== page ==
Bringing a swift end to a low-key budget process, Gov.
He made almost no vetoes when approving the budget, which expands preschool to more poor children, increases welfare payments and ensures a new stream of funding for the controversial bullet train project. Brown said the budget was proof that California has shaken off its dysfunctional reputation while Washington is "mired in gridlock and partisanship and extreme polarization."
"State government in California is actually working," he said at a signing ceremony with top lawmakers in San Diego. "It's fiscally responsible. And not only just for the moment, but paving the way for very long-term fiscal stability."
The budget, which takes effect July 1, outlines a multiyear spending plan for cap-and-trade revenue, generated from fees on polluters. The money is required to be used for reducing greenhouse gas emissions, and one-quarter will be directed to the bullet train project each year.
The $68-billion project, however, still needs much more funding to be completed. Rep.
But House Minority Leader
"We're very pleased with the California budget and an assured stream of revenue coming from the climate-change initiative," she said.
Brown said the state risks falling farther behind other areas of the world without a bullet train of its own.
"We want to be right up there with all the other nations," he said. "C'mon, let's get with it."
The governor signed 17 budget bills in total Friday.
One of them includes another controversial measure that could restrict how much money individual school districts can keep in their reserves. The proposal, which was inserted late in the budget process, was harshly criticized by education officials as a giveaway to the teachers union, which wants more money available for contract negotiations.
"It's part of the legislative process, where no one gets everything they want," Brown said. "I'm here to get things done, not to engage in theological niceties or perfection."
Another bill grants new powers to the California Coastal Commission, allowing it to fine property owners who block public access to the coast. The proposal stalled in the Legislature last year, but Assembly Speaker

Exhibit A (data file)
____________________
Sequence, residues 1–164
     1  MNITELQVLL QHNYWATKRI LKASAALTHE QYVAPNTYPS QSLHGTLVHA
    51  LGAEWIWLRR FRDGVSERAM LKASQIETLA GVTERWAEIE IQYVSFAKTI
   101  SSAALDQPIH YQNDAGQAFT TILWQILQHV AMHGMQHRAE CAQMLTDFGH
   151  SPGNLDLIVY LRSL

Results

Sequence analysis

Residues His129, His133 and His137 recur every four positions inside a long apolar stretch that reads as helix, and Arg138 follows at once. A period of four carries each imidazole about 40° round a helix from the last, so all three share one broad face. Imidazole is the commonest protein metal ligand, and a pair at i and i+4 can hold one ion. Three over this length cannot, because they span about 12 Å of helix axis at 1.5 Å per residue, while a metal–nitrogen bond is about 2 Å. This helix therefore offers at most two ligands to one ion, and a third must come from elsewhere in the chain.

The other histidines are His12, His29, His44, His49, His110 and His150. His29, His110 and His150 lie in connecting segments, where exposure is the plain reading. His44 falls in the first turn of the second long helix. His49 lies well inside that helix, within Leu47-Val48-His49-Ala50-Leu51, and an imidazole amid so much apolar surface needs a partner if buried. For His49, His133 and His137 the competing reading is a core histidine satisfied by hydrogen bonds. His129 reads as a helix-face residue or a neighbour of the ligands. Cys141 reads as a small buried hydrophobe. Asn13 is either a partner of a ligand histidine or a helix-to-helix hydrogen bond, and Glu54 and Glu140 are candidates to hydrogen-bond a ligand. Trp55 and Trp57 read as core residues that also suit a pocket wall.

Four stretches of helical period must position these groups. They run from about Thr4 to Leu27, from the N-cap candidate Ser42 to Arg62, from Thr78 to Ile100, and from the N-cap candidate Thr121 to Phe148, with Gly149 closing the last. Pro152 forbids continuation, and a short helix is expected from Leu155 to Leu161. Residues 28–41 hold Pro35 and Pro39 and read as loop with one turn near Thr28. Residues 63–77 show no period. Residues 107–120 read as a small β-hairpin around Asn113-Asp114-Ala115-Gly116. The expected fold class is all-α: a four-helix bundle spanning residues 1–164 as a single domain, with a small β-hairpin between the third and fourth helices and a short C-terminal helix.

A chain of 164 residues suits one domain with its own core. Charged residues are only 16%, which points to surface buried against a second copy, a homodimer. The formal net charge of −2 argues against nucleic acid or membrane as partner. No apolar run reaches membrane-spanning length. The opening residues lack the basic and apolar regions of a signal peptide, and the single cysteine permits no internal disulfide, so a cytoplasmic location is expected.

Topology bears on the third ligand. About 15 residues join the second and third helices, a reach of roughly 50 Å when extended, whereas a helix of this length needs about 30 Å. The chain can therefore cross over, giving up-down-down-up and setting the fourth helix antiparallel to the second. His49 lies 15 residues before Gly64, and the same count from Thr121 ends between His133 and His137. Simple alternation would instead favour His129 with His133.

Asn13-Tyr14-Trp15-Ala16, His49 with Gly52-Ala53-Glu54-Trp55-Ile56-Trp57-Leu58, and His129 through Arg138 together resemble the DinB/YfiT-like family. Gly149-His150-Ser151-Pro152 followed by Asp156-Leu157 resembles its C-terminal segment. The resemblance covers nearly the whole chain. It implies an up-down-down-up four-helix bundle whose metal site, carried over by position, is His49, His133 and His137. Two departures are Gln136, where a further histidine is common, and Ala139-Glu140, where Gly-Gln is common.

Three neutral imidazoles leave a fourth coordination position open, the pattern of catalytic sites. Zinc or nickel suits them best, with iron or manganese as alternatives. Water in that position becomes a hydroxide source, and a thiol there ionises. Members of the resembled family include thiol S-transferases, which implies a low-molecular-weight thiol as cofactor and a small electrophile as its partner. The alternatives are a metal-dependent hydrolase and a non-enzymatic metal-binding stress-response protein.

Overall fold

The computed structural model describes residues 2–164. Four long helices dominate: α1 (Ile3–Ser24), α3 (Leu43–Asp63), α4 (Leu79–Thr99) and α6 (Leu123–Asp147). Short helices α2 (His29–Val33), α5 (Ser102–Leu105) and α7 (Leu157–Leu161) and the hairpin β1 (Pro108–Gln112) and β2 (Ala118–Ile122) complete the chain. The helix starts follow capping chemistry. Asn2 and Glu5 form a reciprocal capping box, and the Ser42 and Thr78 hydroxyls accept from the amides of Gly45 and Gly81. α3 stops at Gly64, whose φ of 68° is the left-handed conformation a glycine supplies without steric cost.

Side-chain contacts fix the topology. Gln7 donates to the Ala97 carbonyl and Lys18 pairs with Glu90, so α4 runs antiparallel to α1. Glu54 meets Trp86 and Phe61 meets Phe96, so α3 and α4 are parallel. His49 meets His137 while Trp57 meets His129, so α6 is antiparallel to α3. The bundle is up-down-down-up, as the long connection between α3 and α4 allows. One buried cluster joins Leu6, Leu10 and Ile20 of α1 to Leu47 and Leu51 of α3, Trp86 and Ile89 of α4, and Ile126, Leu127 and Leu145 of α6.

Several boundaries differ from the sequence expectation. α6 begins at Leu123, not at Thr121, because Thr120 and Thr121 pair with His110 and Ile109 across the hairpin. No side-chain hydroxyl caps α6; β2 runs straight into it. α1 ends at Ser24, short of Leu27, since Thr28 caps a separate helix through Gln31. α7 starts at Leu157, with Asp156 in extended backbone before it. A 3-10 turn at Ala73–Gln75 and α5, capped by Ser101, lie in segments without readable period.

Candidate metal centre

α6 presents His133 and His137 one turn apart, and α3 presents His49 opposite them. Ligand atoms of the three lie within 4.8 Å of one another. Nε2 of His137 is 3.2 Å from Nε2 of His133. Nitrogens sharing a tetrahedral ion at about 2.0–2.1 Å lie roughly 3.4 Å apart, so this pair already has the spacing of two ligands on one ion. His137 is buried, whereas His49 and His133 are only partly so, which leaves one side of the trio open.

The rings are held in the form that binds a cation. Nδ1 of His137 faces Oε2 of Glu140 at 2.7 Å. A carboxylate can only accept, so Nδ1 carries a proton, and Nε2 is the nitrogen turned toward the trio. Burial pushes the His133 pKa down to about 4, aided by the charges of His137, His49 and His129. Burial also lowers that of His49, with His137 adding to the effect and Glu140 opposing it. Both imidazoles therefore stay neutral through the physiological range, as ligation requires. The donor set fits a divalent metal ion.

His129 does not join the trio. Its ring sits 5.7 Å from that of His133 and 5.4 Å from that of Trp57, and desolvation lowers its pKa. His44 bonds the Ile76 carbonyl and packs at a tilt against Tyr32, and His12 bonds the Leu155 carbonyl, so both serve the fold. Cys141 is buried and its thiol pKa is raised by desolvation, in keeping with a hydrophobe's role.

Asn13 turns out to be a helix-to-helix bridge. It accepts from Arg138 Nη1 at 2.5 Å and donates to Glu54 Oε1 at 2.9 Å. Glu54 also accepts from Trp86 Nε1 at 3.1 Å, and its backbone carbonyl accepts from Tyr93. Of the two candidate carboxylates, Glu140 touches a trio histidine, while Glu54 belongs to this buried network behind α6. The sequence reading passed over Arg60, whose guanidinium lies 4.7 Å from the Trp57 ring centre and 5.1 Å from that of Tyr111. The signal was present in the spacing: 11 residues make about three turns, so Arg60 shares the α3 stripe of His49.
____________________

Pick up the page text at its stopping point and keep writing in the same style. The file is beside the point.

"Californians own their coast," said Will Shuck, spokesman for Atkins. "And someone trying to keep them from their coast needs an incentive to knock it off."
One more budget bill, intended to fix the $74-billion shortfall in the teacher pension fund over the next three decades, is expected be signed by the governor next week. The measure would phase in higher contribution rates for the state, schools and employees, with most of the cost falling on the schools.
Other long-term costs remain unaddressed, such as $64.6 billion for healthcare benefits for retired state workers.
"I can't do everything in one year, or even four years," Brown said. "That's one of the reasons why I'm running for another four years."
The governor barely used his veto power on the budget, but he did shave funding for a few state positions and made some technical changes.
Brown's Department of Finance previously expressed concern about a proposed $3.2-million subsidy for the United Farm Workers' healthcare plan, which is falling short of standards under President Obama's federal overhaul and needs money to provide supplemental insurance to keep operating.
But he did not veto the spending, which Democratic lawmakers said was necessary to prevent patients from winding up on public healthcare rolls at even higher costs to the state.
Keely Bosler, chief finance deputy, said the union needed a one-time infusion of money while it stabilizes its healthcare plan.
"It's something we will be monitoring and hopefully get out of the business of doing next year," she said.